Flows of people across international boundaries to shop have long been a common phenomenon. The end of the Cold War removed barriers to such flows from Eastern to Western Europe and gave rise to a distinctive strain of borderland shopper-officially a "day tourist" from Central Europe, but in reality a professional shopper working as an essential part of an international retail distribution system linking supply from the West to consumption in the East. The case of Trieste (Italy) is examined. The city's borderland shoppers became important during the late 1980s and activity peaked in 1993-5 as bus loads of Central European consumers converged daily. The parameters of this unusual and transitory borderland activity are outlined, with particular emphasis on its impact on Trieste's urban fabric.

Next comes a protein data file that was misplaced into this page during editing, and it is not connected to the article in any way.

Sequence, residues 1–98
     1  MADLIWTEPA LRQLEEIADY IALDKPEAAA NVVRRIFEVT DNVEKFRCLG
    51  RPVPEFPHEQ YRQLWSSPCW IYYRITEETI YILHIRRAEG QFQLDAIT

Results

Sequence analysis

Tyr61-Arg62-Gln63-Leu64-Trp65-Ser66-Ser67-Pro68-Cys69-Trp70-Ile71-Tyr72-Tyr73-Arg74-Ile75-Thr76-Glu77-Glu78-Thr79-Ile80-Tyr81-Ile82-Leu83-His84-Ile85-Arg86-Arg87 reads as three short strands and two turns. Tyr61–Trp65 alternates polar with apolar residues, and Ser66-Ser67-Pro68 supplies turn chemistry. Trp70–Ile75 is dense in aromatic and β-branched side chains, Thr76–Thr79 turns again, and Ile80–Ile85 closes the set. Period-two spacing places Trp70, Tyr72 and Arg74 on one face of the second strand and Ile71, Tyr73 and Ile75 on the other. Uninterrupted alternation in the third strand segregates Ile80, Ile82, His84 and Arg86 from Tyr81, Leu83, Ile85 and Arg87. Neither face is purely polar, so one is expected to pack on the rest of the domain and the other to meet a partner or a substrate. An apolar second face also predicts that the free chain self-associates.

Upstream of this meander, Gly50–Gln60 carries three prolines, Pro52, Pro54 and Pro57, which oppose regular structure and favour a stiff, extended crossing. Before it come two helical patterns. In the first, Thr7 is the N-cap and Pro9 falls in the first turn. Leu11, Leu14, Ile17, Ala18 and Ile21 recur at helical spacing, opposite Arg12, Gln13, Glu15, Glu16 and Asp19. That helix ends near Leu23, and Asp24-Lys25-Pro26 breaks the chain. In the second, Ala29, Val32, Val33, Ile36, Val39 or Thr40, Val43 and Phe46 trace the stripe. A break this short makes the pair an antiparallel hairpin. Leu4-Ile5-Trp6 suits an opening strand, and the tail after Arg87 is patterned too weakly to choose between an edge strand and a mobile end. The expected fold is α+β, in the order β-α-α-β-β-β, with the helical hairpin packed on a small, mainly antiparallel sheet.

Minghi, Julian V.
"Borderland "Day Tourists" from the East: Trieste's Transitory Shopping Fair,"
Visions in Leisure and Business: Vol. 17:
4, Article 4.
Available at: https://scholarworks.bgsu.edu/visions/vol17/iss4/4